Report for Alastair’s Botanical Walk – Friday 14 June 2019

Report for Alastair’s Botanical Walk – Friday 14 June 2019

Walkers: Alastair, Mike, Val, Kath, Marian and Frank.


It was a dreadful day with rain, rain and more rain but we felt confident that with macs and ‘brollies we could manage the walk around the shrubs and flowers that are showing along the Station Road, Pershore. We had the added delight when Alastair explained that he had managed to arrange a private tour of the fantastic garden nurtured by Pershore’s retired vet Roger Martin. Alistair had supplied us with a list of shrubs, trees and roses in quadraginta number. The list* included plants such as Eleagnus xebbingei (pruning required), Phlomis chrysophylla (a good all-rounder), weigela florida (should be pruned hard in spring), Aucuba crotonifolia (needs female and male) These we were going to see along the route and he gave us gardening advice about each shrub and on pruning and soil requirements.

On arrival at Roger’s home he greeted us and asked if we would also like to start the tour viewing, not only his veterinary medical museum of equipment and old medical bottles that would have been used decades ago, but also the carpentry tools collected from years ago. These are kept in one of his many “dens” where U3a meet before their weekly croquet games.

We then started our anti-clockwise tour around his estate, with its many different gardens and out-buildings. The property is juxta-pose the Persimmon housing estate with its new “storm water” pond where Roger’s own ducks and geese bathe. The many borders were long and wide and filled with many bright colours of flowering shrubs. We were fascinated by the raised fishpond in the garden and Roger showed us how the fish are trained to hear him shaking the food jar as they came swimming to him with wide open mouths.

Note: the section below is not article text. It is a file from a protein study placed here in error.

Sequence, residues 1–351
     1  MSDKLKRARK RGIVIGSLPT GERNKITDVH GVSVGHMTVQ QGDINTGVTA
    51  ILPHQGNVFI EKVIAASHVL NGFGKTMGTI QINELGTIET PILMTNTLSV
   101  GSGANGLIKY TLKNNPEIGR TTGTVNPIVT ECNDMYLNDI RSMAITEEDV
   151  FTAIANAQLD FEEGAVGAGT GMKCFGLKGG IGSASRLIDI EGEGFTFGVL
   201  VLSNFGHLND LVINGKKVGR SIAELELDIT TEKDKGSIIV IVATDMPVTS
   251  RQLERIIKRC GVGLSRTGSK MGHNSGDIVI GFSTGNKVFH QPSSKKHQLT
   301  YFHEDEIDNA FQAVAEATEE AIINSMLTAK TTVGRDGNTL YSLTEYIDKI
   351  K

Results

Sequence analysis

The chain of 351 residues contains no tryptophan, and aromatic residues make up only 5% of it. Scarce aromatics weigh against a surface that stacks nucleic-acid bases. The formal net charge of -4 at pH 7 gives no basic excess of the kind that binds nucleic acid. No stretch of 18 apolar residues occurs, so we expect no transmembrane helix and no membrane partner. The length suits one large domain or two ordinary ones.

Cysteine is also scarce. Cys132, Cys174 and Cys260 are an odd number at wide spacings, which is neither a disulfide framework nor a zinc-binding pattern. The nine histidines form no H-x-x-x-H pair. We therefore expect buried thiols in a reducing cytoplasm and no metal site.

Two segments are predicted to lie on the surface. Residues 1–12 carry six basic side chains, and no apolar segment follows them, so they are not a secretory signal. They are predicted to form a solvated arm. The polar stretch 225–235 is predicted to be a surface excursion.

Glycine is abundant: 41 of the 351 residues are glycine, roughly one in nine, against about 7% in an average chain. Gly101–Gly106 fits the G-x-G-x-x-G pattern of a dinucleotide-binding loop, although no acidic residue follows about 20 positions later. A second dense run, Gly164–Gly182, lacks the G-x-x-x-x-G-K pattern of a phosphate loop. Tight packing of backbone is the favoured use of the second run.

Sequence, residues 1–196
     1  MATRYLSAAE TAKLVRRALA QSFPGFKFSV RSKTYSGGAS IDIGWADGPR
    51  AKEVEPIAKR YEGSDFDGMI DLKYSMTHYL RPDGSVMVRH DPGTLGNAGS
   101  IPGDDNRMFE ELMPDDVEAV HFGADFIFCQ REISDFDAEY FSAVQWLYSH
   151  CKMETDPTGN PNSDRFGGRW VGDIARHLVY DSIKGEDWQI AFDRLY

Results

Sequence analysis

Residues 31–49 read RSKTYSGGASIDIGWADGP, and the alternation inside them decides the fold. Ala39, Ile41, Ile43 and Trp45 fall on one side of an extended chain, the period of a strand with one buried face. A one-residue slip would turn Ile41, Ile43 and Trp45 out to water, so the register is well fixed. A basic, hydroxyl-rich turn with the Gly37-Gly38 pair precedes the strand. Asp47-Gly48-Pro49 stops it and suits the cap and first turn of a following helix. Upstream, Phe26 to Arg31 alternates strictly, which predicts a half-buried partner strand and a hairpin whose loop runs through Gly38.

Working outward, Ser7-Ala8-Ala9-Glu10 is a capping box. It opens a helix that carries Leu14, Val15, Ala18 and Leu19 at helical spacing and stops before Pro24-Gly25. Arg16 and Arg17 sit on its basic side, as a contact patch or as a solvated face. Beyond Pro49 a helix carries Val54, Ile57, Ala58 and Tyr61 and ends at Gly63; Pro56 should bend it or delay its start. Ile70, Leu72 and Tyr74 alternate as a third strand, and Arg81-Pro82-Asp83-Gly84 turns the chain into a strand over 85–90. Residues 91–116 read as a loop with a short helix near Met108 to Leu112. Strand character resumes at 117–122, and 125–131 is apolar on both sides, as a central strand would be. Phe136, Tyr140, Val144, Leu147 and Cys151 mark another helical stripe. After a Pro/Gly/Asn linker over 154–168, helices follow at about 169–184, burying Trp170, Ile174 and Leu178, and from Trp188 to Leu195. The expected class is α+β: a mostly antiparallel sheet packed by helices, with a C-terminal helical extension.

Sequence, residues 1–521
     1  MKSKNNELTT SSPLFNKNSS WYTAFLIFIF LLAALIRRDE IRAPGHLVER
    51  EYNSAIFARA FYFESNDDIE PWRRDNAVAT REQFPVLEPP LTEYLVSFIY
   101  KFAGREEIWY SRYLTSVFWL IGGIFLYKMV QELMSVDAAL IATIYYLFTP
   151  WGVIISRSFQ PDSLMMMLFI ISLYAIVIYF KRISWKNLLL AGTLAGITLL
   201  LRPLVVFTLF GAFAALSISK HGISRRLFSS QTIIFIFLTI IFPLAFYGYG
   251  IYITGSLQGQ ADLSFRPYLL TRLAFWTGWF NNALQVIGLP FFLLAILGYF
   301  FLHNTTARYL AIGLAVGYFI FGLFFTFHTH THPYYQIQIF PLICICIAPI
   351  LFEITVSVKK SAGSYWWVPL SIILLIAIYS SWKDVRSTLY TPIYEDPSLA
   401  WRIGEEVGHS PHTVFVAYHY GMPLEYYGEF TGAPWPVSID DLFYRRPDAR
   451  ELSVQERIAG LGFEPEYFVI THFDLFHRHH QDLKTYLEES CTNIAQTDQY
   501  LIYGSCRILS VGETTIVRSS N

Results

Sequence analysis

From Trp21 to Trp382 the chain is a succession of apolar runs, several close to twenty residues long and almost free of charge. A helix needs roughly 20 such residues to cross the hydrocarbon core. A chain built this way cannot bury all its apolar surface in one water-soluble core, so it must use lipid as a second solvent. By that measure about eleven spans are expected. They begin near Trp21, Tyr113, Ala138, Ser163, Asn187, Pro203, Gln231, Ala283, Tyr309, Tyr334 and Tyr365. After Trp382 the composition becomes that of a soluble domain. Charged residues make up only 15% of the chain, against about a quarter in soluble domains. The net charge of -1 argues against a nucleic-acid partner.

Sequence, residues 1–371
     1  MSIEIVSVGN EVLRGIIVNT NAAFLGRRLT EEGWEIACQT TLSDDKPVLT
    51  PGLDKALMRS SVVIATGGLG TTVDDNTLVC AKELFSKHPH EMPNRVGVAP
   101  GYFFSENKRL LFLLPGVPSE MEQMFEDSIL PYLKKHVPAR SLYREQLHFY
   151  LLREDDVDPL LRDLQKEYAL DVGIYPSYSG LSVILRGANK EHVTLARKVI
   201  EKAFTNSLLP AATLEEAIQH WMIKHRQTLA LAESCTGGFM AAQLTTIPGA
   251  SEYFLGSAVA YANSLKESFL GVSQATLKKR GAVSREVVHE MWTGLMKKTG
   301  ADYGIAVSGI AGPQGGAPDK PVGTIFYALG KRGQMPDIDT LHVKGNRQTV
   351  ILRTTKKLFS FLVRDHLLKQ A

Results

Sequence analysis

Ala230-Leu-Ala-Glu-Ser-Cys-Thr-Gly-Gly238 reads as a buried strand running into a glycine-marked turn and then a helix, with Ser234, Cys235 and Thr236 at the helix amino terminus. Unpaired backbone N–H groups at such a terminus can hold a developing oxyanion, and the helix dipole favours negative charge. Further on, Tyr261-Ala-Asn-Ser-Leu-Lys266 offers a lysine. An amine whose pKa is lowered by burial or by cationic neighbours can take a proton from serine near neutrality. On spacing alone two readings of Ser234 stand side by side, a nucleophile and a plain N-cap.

The garden tour continued with “blue sky” above us as Roger introduced us to a special Red Horse Chestnut tree which was many years old and had been grafted. Roger explained that he had proved gardening advice wrong by actually propagating another Red variety without having it grafted. By now the geese were beginning to want us to be gone out of their garden so we bid a grateful thanks and farewell to Roger. We began walking along Station Road to the new houses at Persimmon where Alastair described each plant along the pathway and on to garden frontages of the older homes along Station Road. Then the clouds emptied. We decided to finish our gardening talk back at Alastair’s home where we had a cuppa and a lovely chat. Marian gave our vote of thanks to Alastair for his educational garden evening.

Val Taylor

*see Alastair for actual list.